While the Kettlebell Swing exercise is one of the most popular kettlebell drills, it is also one of the easiest to make mistakes with. This special kettlebell exercise requires proper timing, body coordination, and skill, three things that take time and practice to develop. With all the kettlebell articles out there, there is one point that doesn’t seem to be making headlines, and that is the mistake you might be making.
The problem is that there is a lot of movement is happening during the Kettlebell Swing. This simple-looking movement engages your entire posterior chain (glutes, hamstrings, obliques, calves, and spinal erectors among others), requires proper timing, and non-stop effort during sets. Add in the fact that if you’ve been using isometric exercises as your primary method of fitness, the full body, coordinated effort required by the Kettlebell Swing will probably feel unnatural.
Now, this tip is based on my personal variation of the Kettlebell Swing. There are many Kettlebell Swing variations out there, and while some other people may not agree with me, I don’t think that is a bad thing.
Every objective and body is different, so why shouldn’t there be more than one way to skin a cat?
My variation of the Kettlebell Swing requires an explosive hip motion to expend as much force as possible during the up swing. That force is then stopped by flexing your core and quads to halt your body at a neutral standing position. The maximum height that the kettlebell reaches on the up swing is determined by these actions, with the shoulders and arms simply acting as pivot points. The kettlebell then falls naturally, pulling your body back into the back swing.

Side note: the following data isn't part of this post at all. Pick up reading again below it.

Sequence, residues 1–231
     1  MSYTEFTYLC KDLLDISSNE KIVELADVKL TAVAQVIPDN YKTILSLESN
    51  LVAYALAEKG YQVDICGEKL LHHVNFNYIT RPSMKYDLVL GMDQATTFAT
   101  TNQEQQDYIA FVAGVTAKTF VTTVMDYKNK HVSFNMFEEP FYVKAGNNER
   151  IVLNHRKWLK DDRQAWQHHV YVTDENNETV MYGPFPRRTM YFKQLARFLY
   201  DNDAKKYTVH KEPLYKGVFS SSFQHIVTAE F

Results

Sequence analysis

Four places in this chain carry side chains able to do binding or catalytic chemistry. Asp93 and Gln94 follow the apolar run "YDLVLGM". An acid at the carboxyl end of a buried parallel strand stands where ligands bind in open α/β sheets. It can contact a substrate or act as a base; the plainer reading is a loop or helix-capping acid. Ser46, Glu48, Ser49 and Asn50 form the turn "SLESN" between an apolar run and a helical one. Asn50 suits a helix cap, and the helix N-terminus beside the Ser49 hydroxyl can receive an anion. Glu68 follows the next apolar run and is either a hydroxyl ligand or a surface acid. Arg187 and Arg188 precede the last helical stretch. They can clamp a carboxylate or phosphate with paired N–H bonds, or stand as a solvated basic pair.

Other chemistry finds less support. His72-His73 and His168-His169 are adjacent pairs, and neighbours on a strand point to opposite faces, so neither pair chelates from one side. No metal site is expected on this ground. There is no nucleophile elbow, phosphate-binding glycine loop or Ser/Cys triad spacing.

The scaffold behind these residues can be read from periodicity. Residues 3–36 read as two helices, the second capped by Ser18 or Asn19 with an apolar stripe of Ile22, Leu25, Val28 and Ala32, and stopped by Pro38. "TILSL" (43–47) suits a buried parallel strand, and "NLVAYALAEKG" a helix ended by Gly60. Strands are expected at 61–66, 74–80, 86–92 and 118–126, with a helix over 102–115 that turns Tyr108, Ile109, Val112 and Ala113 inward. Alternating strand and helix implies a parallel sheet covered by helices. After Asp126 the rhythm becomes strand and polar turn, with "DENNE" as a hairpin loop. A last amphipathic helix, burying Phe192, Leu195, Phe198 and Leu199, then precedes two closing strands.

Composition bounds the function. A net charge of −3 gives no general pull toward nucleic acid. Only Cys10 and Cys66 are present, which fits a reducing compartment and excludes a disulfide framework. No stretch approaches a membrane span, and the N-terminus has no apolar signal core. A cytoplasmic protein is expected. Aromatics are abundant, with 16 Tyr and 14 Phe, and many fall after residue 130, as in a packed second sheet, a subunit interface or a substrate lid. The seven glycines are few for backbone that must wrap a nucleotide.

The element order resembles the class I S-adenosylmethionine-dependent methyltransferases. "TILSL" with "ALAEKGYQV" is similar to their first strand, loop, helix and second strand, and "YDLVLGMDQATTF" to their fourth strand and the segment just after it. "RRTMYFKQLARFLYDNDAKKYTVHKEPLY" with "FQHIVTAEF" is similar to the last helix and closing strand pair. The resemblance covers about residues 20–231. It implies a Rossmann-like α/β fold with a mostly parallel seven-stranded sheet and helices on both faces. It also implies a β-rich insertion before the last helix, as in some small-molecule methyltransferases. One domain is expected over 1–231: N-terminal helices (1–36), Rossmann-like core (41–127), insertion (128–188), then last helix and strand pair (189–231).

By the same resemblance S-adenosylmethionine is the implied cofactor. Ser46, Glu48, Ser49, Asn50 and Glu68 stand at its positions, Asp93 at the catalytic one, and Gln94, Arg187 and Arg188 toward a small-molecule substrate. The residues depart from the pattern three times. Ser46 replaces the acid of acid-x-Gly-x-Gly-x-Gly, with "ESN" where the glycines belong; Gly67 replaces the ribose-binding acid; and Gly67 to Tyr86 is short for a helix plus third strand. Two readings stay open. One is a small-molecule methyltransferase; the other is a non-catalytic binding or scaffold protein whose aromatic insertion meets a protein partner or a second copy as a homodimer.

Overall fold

My variation involves an explosive hip motion that encourages the maximize range of motion of the hips by incorporating a slight knee bend while hinging at the hips during the back swing (this is exemplified by the graphic below in figure #3, represented as the distance between the yellow and red lines). The goal is to get the maximum distance between a neutral body position (with a neutral body position being defined as the standing position with your knees above your ankles, your hips above your knees, and shoulders above your hips) and the apex of the back swing.
The primary Kettlebell Swing mistake that I see people making doesn’t have to do with range of motion in the hips necessarily, although that is a big issue too. The main mistake has to do with the timing of the swing. Ideally, by the time the kettlebell passes between your legs, your body should already be in a neutral standing position (as you can see in figure #2). If it isn’t, it means that you didn’t move your hips fast enough from the back swing. This leads to less explosiveness, translating into a weaker swing.
As you can see in the picture above, the kettlebell is barely in front of my body, but I am standing up straight already. If you find that you are standing straight at the same moment that the kettlebell is reaching the apex of the up swing (as seen in figure #1), you didn’t move your hips fast enough.
As I stated before, you need to stop the swinging motion by flexing your abs and quads. If this action is not required, your swing is weaker than it could have been (little or no hip explosiveness meaning little or no posterior chain engagement).
Here are a few ways that you can fix the timing mistake, or at least find out if you’re making it or not:
The Kettlebell Swing can be tricky, but with practice and a good trainer you could rapidly improve your form and your results.